This example shows how to use Compensator Editor to tune Simulink blocks.

**Opening the Model**

The following example is the speed control of a spark ignition engine. The initial compensator has been designed in a fashion similar to the example entitled "Single Loop Feedback/Prefilter Design". Take a few moments to explore the model.

Open the engine speed control model.

```
open_system('scdspeedctrl');
```

**Introduction**

This example introduces the use of the **Compensator Editor** when tuning Simulink blocks. When tuning a block in Simulink there are two representations available in a SISO Design Task. These representations are the block parameters and the pole/zero/gain representations. For example in the speed control example there is a PID controller with filtered derivative `scdspeedctrl/PID Controller`

:

This block implements the traditional PID with filtered derivative as:

In this block `P`

, `I`

, `D`

, and `N`

are the parameters that are available for tuning. Another approach is to reformulate the block transfer function to be in the form of poles and zeros:

This formulation of poles, zeros, and gains allows for direct graphical tuning on design plots such as Bode, root locus, and Nichols plots. Additionally the SISO Design Task allows for both representations to be tuned using the **Compensator Editor**. The tuning of both representations is available for all supportedsupported blocks in Simulink Control Design.

**Creating a SISO Design Task**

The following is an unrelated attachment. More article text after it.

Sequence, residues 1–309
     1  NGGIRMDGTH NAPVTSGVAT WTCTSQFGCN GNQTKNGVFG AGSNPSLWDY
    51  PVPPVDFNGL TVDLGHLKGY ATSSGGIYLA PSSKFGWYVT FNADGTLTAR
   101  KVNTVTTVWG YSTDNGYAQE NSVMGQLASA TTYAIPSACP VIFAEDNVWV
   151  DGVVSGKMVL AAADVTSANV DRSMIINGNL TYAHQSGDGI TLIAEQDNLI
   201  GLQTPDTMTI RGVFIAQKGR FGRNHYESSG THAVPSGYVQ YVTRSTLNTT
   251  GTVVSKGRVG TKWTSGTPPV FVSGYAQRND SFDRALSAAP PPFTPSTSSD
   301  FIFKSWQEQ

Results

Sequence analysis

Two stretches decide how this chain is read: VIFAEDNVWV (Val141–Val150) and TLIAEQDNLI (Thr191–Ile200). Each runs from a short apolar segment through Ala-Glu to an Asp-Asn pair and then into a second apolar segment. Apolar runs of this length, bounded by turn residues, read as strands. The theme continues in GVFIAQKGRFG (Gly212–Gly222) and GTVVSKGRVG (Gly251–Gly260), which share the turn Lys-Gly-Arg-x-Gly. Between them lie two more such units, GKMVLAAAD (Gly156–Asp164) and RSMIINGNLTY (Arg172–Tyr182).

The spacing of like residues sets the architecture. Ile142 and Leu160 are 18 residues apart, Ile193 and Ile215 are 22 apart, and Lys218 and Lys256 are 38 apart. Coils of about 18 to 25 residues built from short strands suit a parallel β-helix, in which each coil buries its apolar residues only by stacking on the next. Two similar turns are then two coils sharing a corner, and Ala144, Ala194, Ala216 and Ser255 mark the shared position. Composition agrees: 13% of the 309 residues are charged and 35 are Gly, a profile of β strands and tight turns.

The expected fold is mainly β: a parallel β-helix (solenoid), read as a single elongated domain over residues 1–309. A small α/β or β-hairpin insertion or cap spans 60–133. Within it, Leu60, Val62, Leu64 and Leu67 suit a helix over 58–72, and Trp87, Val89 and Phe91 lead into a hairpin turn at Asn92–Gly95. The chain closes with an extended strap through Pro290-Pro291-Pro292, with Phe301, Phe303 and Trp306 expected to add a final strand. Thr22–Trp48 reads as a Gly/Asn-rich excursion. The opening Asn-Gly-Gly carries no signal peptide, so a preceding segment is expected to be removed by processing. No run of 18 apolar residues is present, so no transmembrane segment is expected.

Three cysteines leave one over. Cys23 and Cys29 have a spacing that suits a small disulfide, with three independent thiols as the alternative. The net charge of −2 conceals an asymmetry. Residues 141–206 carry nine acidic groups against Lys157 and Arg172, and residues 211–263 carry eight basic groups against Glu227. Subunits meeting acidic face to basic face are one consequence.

In this example a Simulink Compensator Design Task will be used to create a SISOTOOL Design Task to tune the compensators in this feedback system. Launch a pre-configured task by double clicking on the subsystem in the lower left hand corner of the model to load a pre-configured Simulink Compensator Design Task.

**Exploring the Compensator Editor Tab**

The representations of PID compensator can be viewed and edited using the **Compensator Editor** tab. The upper portion of this panel allows for all compensators to be viewed and edited. When selecting this tab for the first time the pole and zero representation is first shown in the lower tabbed panel as shown below:

Use this panel to add and remove poles and zeros from the compensator. Since the PID with filtered derivative is fixed in structure number of poles and zeros will be limited to having up 2 zeros, 1 pole, and an integrator at `s = 0`

.

The second panel labeled **Parameter** allows the `P`

, `I`

, `D`

, and `N`

parameters to be independently tuned. This panel is shown below:

Use the **Value** column to specify new values and use the **Slider** column to interactively tune the gains. By changing these gains the following will be updated:

The open and closed-loop responses configured in the

**Graphical Tuning**tabThe responses such as closed loop step responses specified in the

**Analysis Plots**tabThe poles, zeros, and gains seen in the

**Pole/Zero**tab

Use the **Compensator Editor** tab to tune the response of the control system.

**Completed Design**

The design requirements in the example "Single Loop Feedback/Prefilter Design" can be met with the following controller parameters

`scdspeedctrl/PID Controller`

has parameters:

P = 0.0012191

I = 0.0030038

`scdspeedctrl/Reference Filter`

:

Numerator = 10;

Denominator = [1 10];

The responses of the closed loop system are shown below:

**Writing the Design to Simulink**

You can then test the design on the nonlinear model by clicking the **Update Simulink Block Parameters** button. This writes the parameters back to the Simulink model.

```
bdclose('scdspeedctrl')
```

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